Presolve transforms your model into an equivalent model that has (in theory) the following properties:

- The presolved model is infeasible if and only if the original model is infeasible.
- The presolved model is unbounded if and only if the original model is unbounded.
- If the presolved model has an optimal solution, then its objective value is identical to the optimal objective value of the original model.
- Any feasible (or optimal) solution of the presolved model can be mapped to a feasible (or optimal) solution of the original model.

Moreover, the goal of presolve is that the presolved model will be smaller and easier to solve.

The `optimize()`

function calls presolve to generate a presolved model *p* with the properties above and an "uncrush" mapping *u: p -> m* that can be used to map solutions of the presolved model *p* back to solutions of the original model *m*. Then, the presolved model is solved to find an optimal solution *s'* of *p*. Afterwards, this solution *s'* is mapped back to the original model by applying *s := u(s')*.

Now, for numerical reasons, the properties above may not exactly be true, which means that *s* might be slightly infeasible or slightly sub-optimal for *m*. In this case (if *s'* came from a simplex solve or a barrier solve with crossover), we perform a few additional simplex iterations on the original model *m* starting from the basis that corresponds to *s*, in order to clean up infeasibilities and recover optimality.

So, what is the purpose of the `Model.presolve()`

method in the Gurobi Python interface? It returns a model *p* that has the properties above, just like the one that is internally used by optimize(). It might be a little bit different from the one of `optimize()`

, due to some technical reasons.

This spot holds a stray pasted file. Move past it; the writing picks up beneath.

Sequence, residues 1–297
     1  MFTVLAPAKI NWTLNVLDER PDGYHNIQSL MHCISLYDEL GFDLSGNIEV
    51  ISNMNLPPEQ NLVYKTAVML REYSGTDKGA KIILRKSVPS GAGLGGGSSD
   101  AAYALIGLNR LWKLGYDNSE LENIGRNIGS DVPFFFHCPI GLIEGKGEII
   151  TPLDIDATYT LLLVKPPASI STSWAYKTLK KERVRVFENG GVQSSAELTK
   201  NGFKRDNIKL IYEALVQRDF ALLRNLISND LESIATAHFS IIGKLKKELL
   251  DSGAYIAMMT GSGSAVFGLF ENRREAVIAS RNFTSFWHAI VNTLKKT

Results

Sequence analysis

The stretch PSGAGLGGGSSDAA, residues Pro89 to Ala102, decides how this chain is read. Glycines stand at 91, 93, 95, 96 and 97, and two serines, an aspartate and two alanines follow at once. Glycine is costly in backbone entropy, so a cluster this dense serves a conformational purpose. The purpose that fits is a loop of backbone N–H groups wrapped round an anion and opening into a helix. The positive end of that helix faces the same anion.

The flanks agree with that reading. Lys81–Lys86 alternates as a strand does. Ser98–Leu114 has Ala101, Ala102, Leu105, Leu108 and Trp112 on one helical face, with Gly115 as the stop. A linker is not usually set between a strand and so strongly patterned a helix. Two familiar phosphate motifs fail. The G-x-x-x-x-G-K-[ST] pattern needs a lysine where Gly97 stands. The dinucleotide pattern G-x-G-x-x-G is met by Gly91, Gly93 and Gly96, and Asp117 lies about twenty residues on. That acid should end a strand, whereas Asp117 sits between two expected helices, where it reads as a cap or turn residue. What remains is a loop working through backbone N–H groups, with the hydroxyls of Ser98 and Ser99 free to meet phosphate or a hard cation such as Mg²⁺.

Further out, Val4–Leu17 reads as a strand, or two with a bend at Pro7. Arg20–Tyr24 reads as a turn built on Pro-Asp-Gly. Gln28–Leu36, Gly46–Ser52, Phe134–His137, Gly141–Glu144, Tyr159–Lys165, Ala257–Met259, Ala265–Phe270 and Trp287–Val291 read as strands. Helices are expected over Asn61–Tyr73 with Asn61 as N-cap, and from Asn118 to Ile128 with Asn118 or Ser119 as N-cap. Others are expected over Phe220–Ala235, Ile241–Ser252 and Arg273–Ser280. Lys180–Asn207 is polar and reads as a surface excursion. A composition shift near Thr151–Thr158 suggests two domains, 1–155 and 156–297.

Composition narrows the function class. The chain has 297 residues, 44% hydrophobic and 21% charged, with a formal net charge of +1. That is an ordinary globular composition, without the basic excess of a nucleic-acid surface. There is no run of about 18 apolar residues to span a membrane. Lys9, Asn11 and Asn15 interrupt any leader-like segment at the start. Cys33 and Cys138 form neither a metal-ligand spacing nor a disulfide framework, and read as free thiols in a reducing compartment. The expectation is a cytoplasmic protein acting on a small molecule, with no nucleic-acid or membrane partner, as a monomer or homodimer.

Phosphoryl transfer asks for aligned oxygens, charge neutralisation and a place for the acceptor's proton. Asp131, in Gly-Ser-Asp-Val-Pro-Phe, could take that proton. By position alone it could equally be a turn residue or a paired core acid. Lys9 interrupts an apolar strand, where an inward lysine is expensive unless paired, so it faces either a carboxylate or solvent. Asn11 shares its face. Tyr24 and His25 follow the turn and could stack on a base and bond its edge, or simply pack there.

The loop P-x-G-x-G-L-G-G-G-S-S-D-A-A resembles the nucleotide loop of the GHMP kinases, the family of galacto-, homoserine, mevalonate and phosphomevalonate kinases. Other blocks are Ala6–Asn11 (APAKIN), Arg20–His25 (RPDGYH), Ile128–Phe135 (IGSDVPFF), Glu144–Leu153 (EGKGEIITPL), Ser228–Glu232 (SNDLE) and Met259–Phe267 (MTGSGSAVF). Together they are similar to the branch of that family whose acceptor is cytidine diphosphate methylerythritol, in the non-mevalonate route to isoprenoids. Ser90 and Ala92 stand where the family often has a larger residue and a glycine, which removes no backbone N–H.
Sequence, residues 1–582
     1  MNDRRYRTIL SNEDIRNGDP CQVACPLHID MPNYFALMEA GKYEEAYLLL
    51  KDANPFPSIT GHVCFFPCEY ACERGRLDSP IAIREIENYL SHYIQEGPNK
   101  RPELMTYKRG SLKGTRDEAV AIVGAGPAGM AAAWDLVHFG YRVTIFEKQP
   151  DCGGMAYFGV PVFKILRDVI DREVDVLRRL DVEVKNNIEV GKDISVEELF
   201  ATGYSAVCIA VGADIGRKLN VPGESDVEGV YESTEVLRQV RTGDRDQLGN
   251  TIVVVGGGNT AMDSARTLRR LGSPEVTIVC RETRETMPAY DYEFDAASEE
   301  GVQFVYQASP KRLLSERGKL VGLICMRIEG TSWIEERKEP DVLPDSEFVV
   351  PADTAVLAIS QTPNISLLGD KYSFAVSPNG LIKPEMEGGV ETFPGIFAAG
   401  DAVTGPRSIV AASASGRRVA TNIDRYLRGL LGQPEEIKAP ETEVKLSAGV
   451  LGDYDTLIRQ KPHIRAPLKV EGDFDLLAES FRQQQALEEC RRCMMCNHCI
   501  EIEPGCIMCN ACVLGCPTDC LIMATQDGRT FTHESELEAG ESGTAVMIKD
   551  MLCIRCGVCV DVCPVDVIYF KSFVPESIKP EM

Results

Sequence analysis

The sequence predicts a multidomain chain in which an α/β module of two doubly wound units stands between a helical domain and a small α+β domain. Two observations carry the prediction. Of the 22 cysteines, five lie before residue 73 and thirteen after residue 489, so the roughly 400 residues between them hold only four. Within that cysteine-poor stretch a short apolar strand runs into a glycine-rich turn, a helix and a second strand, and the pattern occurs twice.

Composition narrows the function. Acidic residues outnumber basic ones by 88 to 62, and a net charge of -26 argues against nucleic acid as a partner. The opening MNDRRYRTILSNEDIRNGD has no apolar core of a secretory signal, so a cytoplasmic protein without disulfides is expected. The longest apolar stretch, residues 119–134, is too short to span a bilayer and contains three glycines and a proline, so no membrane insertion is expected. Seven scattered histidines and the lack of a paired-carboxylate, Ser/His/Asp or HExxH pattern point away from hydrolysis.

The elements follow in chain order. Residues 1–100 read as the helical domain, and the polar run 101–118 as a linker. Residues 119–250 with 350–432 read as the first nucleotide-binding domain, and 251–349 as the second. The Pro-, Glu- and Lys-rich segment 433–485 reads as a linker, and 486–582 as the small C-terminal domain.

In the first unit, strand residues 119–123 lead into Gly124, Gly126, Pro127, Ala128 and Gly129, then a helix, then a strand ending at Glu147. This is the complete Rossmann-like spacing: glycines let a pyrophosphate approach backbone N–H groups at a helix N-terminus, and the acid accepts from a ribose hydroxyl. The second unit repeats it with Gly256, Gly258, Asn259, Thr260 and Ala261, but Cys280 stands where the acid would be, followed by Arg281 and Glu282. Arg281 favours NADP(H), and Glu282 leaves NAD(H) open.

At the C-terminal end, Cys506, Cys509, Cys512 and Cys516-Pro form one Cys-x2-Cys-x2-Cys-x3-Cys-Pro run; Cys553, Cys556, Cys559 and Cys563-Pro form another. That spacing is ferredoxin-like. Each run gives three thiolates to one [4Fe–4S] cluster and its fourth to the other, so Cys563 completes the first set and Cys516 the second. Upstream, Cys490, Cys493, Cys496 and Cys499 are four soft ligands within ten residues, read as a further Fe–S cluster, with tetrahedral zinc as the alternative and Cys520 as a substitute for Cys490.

If you call `p = m.presolve()`

followed by `p.optimize()`

, you will get an optimal solution for *p*, and this solution will have the same objective value as an optimal solution for *m*. But because you do not have access to the mapping *u: p -> m*, you cannot convert this solution for *p* back into a solution for *m*. Many of the variables in *p* will be equivalent to the variables in *m*, which means that the mapping for these variables will be the identify function, but this is not true for all variables. For example, one presolve reduction is the "parallel columns" reduction. This merges two variables with identical objective and constraint coefficients into a single variable. For example, consider this problem:

max 3x1 + 3x2 + 4y + 5z

s.t. 2x1 + 2x2 + 3y <= 4

5x1 + 5x2 + 2z <= 7

2y + z <= 2

0 <= x1 <= 7

0 <= x2 <= 10

Variables `x1`

and `x2`

are "parallel". Presolve would replace these variables by a single variable `x`

, which represents the sum of the two original variables:

max 3x + 4y + 5z

s.t. 2x + 3y <= 4

5x + 2z <= 7

2y + z <= 2

0 <= x <= 17

Now, let's assume we have a solution with `x=15`

for this model. Then, the uncrush function *u* could map this solution to `x1=7, x2=8`

.

As a user, you would only see in this presolved model that there is some variable `x`

that you weren't aware of and that this variable has a solution value of 15. You don't know how to get the solution values for your original variables `x1`

and `x2`

.

Having said this, the `presolve()`

method is mostly a debugging tool. Usually, you would write out this model to an *.lp file and inspect it manually.

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